Flames leave Preds in wake

STEVE MACFARLANE

, Last Updated: 11:47 AM ET

NASHVILLE -- Looking like they napped through much of the first and second periods, the Calgary Flames admitted they usually are at that time of day.

"It was our first afternoon game in a long time, so it takes a while to get the body warmed up," said winger Todd Bertuzzi, who set up the tying goal in the latter half of the third period, then scored the winner himself with 24 seconds left in regulation to give the Flames a 3-2 win over the Nashville Predators.

"What time was the third period at? I woke up at 3:30, so it was a long nap."

Bertuzzi wasn't alone.

The Predators grabbed the lead in the first period when Radek Bonk muscled defenceman Robyn Regehr off the puck behind the net and set up former Calgary Hitmen forward Jerred Smithson 9:11 into the game.

Displaying quick hands to push the puck from forehand to backhand, Curtis Glencross tied things up with a little more than a minute to play in the opening frame.

It was a brief but important snap from their slumber as the Flames fought to keep it close.

They were dominated in the second period despite playing much of it with the man-advantage. Garnering most of the scoring chances even while shorthanded, the Preds grabbed the momentum and the lead when Jason Arnott tapped in his 15th of the season on a setup from J-P Dumont and Martin Erat, who had just exited the penalty box after serving the second of back-to-back minors.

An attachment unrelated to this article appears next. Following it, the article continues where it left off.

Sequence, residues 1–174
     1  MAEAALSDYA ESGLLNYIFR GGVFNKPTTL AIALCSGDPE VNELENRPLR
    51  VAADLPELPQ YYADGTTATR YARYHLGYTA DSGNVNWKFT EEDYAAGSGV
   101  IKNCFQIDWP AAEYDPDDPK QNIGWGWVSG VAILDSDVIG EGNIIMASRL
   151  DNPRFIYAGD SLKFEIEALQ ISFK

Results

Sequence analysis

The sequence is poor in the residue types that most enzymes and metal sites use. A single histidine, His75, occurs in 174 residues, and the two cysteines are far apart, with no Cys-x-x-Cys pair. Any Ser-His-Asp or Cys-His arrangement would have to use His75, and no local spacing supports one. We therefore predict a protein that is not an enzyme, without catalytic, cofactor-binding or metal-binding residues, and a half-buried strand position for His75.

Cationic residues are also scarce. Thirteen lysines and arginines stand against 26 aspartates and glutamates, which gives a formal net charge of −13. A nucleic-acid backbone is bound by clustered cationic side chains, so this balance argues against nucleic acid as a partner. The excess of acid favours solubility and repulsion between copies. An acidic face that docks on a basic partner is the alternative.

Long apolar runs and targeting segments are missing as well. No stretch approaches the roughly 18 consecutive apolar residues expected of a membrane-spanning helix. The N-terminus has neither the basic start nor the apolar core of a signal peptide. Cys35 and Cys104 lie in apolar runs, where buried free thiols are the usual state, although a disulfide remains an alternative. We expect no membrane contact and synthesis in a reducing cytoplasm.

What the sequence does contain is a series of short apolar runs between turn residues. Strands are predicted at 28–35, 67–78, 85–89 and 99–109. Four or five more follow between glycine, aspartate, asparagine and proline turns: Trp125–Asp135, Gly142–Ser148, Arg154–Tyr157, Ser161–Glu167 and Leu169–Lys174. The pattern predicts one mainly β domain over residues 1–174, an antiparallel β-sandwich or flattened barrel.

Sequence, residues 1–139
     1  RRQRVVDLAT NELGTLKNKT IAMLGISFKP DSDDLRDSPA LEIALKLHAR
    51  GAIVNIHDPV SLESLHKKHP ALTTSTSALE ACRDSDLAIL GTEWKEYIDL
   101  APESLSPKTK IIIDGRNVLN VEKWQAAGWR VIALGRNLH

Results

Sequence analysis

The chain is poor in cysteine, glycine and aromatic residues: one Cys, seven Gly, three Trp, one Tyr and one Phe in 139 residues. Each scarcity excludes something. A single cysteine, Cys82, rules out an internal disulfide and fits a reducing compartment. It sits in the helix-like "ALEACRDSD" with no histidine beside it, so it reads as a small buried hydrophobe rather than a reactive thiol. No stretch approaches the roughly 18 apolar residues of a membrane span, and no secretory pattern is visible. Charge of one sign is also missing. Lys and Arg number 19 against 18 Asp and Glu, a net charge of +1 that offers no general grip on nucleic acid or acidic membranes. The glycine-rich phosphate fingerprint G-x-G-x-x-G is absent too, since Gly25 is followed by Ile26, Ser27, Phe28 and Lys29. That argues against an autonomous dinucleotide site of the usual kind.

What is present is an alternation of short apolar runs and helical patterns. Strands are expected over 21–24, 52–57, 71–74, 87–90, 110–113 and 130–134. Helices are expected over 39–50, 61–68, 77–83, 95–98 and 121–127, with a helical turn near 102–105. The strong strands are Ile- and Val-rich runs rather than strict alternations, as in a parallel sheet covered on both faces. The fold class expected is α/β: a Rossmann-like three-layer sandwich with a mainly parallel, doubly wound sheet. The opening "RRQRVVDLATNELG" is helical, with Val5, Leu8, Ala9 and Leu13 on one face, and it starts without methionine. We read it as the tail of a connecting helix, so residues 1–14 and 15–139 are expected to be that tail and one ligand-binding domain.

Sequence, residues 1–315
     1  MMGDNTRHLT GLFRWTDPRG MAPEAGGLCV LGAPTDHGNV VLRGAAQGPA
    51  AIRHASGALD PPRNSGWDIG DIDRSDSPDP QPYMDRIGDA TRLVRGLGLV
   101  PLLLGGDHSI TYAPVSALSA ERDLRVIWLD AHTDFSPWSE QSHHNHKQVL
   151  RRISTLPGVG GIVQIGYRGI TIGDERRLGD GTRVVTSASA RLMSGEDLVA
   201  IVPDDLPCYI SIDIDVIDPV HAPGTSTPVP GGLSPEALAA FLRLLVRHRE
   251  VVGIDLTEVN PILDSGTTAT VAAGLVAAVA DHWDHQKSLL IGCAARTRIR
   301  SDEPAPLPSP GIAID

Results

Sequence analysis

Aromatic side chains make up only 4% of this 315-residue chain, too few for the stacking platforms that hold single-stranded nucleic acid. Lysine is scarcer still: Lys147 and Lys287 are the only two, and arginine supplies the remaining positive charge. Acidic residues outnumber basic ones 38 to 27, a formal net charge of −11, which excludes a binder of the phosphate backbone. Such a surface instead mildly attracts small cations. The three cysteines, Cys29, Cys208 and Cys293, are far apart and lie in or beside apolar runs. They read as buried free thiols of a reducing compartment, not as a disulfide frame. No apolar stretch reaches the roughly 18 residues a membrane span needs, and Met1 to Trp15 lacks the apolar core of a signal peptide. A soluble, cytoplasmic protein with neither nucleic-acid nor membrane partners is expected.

"It seemed like (the powerplay) kind of got worse as the game went on," said Langkow, who took a pass from Bertuzzi behind the net and mimicked Glencross to score a nearly identical goal and tie things up with less than eight minutes to go. "A tight game like that, you want to try and help the team out and get a powerplay goal.

"But it worked out."

That doesn't mean the Flames' powerplay specialists weren't frustrated by their oh-for-five performance.

"We're trying to stay positive," said Bertuzzi. "We're pretty pi--ed off we didn't get it done. But at the same time, you just keep pushing and pushing and pushing, you'll get it done. We've been pretty resilient."

As reporters were writing it up as a loss in the press box, the Flames kept their cool.

"That's one thing you notice on our bench. We're pretty calm," Bertuzzi said. "We don't have guys panicking and snapping or whatever."

Overcoming another deficit at the Sommet Center -- they came back from a two-goal gap in the third for a 5-3 win here in October -- the Flames also overcame their first afternoon challenge.

Part of the obstacle is simply choosing what to eat.

"Your body's just so used to playing (at night). You really only get one good meal in before the games," said Langkow, who now has 11 goals on the season. "You try to decide whether to have breakfast or lunch. Maybe have a little bit of both."

Langkow went with the omelette.

"I like my breakfasts."


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